Adoor and Buddhadeb ignored at Goa festival
November 16 2016 12:19 AM
A still from The Bait.

By Gautaman Bhaskaran

Although it cannot be disputed that a jury is made up of men and women, and every group may well have widely differing perceptions about a movie, I still believe that in some instances there can be no two opinions. For example, the work of a master auteur is a must for every film festival – and this is an unwritten code which the world’s premiere festivals, like Cannes or Venice or Berlin, follow to the T. If a Pedro Almodovar or a Ken Loach or a Jafar Panahi or a Hirokazu Kore-eda were to submit a movie to any of these festivals, not one of them will refuse to showcase it. On the contrary, they would be only too eager to present the work and go to town with it.
But India is different ball game. While the Toronto International Film Festival screened the latest creations of two of India’s most celebrated directors – Adoor Gopalakrishnan and Buddhadeb Dasgupta – the International Film Festival of India (IFFI), to run from November 20 to 28 in Goa’s Panaji, has been brazen enough not to include them on its list. While Gopalakrishnan has made Pinneyum (Once Again), Dasgupta came out with his Tope (The Bait).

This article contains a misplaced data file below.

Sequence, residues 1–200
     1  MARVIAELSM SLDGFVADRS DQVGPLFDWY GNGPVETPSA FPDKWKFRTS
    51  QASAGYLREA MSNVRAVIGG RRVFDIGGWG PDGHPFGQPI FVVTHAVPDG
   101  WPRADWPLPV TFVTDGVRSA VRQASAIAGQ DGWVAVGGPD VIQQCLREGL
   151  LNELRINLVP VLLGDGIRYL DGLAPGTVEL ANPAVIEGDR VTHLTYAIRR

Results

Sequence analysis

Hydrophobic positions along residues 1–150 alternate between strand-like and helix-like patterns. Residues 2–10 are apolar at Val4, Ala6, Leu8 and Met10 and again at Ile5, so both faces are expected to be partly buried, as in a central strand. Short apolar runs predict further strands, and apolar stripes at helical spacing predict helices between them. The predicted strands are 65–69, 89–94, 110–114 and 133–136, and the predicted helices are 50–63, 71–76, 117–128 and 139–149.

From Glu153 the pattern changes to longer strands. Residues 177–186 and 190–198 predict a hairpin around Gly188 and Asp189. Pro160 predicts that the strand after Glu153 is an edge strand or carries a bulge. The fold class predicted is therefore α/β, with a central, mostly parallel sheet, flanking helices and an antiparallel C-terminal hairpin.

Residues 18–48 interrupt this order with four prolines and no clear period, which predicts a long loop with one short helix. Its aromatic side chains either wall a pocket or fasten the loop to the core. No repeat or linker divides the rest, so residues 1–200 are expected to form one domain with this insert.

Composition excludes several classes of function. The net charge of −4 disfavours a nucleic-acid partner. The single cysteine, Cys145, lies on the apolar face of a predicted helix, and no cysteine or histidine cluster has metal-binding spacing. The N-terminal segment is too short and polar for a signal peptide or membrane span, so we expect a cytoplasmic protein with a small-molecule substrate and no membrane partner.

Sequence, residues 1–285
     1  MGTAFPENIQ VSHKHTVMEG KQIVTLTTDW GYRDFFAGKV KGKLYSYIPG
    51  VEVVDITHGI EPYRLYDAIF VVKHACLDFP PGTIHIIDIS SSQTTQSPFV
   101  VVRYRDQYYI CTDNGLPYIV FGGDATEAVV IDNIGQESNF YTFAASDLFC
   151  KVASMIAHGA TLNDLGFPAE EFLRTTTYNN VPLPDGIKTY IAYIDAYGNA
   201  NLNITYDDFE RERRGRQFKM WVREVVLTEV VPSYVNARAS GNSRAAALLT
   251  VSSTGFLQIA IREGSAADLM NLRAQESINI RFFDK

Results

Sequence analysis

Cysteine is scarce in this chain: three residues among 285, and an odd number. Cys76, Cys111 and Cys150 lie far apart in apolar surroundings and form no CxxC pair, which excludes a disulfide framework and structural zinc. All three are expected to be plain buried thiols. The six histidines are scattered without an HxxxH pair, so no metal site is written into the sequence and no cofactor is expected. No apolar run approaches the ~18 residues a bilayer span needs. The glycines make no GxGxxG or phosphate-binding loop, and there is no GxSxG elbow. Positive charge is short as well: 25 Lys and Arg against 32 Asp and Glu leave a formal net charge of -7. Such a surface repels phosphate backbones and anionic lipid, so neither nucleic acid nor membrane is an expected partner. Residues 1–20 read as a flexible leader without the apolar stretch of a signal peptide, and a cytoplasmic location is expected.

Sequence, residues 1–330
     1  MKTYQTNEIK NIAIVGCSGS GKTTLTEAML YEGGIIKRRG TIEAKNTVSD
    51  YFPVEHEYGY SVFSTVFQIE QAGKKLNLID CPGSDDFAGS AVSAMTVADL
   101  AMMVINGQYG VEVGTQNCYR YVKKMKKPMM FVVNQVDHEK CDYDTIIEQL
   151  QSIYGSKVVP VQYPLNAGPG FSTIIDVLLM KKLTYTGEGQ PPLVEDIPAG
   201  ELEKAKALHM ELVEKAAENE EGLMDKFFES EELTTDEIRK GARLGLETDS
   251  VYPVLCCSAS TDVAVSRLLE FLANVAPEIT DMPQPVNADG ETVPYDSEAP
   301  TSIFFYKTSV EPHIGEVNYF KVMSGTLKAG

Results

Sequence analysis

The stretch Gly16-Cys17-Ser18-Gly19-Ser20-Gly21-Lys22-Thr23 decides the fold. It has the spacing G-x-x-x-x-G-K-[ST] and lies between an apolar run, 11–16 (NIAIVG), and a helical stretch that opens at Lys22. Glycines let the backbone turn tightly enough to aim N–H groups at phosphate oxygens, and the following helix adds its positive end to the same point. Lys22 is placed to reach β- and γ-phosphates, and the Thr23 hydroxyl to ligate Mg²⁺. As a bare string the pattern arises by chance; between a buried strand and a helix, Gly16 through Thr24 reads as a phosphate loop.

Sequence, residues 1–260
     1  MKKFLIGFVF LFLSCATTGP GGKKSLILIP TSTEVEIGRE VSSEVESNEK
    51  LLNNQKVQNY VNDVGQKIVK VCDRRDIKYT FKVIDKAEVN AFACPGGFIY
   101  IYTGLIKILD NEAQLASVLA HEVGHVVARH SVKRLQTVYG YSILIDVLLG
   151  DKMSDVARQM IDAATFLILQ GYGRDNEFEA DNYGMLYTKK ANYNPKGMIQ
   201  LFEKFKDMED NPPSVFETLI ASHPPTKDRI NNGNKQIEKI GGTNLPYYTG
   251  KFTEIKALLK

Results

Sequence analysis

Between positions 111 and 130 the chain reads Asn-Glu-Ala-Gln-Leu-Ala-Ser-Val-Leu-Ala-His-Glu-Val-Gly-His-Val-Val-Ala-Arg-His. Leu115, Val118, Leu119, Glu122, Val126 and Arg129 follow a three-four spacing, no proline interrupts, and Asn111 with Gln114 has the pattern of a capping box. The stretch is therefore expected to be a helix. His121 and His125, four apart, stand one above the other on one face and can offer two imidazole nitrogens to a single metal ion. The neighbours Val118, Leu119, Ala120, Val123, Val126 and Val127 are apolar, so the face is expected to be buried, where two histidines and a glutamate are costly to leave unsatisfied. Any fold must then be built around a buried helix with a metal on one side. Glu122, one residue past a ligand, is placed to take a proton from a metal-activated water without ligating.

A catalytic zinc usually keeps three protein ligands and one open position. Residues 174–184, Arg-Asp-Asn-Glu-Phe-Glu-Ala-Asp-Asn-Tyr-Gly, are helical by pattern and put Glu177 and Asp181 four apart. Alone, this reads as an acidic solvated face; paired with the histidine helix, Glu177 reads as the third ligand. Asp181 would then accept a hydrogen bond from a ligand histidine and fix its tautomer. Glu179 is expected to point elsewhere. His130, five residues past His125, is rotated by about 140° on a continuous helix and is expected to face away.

I have not seen The Bait, but have watched Once Again. Adoor made this movie after eight years, his last being in 2008. This is a powerful punch on the evils of consumerism – where Gopalakrishnan narrates a heart-rending story of a humble God-fearing family in Kerala that turns greedy and monstrous once it tastes money. And, believe it or not, it stoops to murdering an innocent man in order to lay claim on insurance money. Much like his other 11 films, Adoor narrates a story in Once Again that documents a chapter from Kerala’s society – which in recent years has been largely living on money sent home by Gulf expats.